At around noon we finally left and went into town for the last time. We didn't have much spare time but we had lunch (Pho Bo this time) and did some quick browsing. I had 1,000,000 left still (considering I withdrew 2,500,000 at the start of the trip, I'm quite impressed with myself) which I was hoping to spend but nothing doing. We went back to the house for one last time to pack and then jumped in a taxi to the airport.


The trip home was even more torturous than the trip there. From Hanoi to Ho Chi Minh a fat little girl was sat behind me and kicked my chair the whole way. I told Steph that I would be immeasurably delighted if I was behind her on the next leg so i could exact my revenge. I shocked Steph a little by following up with "she was fat so I wanted to kick her anyway."

Let me just point out fat children make me really angry. It's wrong, unfair and bad parenting. Fat kids are set up for a life of obesity before they can even make conscious decisions about their health and it's a very difficult cycle to break if you've been brought up to eat wrong.

It was an overnight flight which meant I should have been sleeping but of course was completely unable to. I did, however, watch a lot of movies. I was truly happy to get home to a land where showers have walls and there a reasonable noise pollution laws. I've realised that travelling with other people isn't really something I enjoy. I got home, unpacked, showered without fearing tinea/serious injury from the wet floor and went straight to Top Ryde for sushi train with James.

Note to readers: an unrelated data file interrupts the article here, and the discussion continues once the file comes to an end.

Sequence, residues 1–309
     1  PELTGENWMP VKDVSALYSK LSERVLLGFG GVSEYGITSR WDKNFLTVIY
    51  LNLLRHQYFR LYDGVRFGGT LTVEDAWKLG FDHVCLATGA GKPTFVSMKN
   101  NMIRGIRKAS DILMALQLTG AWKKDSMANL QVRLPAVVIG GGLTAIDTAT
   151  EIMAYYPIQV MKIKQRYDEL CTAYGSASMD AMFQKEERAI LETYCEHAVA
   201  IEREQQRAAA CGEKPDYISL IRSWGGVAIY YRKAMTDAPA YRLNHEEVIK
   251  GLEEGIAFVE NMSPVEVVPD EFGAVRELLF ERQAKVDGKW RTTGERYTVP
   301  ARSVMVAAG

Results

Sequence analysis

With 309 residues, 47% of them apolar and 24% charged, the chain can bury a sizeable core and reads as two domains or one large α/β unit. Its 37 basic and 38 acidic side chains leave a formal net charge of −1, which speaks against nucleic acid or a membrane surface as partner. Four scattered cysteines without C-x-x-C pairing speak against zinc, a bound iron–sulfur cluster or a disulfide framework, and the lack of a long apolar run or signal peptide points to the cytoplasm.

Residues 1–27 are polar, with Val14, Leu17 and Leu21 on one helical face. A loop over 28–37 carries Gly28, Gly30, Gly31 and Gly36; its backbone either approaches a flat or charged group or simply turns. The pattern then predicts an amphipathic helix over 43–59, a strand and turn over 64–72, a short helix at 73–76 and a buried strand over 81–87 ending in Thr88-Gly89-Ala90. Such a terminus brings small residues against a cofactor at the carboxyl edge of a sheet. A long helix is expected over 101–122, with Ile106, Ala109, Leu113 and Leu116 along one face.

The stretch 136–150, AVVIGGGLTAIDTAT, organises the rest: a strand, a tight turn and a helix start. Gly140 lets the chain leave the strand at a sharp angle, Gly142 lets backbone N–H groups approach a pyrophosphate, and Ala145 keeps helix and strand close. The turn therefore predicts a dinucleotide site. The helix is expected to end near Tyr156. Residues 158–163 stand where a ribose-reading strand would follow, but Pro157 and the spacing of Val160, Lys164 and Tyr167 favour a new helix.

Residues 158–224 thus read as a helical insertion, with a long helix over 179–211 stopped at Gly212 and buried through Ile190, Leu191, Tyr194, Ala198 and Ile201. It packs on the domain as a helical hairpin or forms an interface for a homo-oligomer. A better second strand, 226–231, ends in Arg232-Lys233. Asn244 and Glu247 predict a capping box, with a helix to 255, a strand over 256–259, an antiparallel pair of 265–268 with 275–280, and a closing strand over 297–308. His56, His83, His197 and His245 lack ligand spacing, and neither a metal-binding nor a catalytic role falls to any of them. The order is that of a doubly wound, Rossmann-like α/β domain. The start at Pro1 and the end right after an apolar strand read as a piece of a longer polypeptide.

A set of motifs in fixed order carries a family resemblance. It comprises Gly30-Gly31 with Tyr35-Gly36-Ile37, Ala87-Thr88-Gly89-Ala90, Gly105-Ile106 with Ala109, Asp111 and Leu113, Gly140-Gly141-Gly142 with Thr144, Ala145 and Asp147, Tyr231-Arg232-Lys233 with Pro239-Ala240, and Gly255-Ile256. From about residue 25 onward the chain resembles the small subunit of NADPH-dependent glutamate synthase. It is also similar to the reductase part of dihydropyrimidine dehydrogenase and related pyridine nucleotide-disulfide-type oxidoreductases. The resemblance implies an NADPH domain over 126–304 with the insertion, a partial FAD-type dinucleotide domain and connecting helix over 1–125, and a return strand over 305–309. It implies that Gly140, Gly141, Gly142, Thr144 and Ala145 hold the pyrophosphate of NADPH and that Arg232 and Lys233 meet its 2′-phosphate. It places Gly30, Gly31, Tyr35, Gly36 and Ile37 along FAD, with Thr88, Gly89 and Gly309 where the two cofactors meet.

There's no place like home.

-m xx

1 comment:

  1. You know Mel, I'm feeling nice today so I am going to compliment you. I really enjoy reading your narrative stories. I can visually follow your trip in my mind and I imagine it was quite interesting. Your dad sounds awesome. I had no idea Vietname was communist...and immature of me yes, but I LOLed at 25,000 dong.

    I don't get mad about fat kids, but you argue a very good point about them. Have you seen Kindergarten Cop? I posted a youtube link on your FB.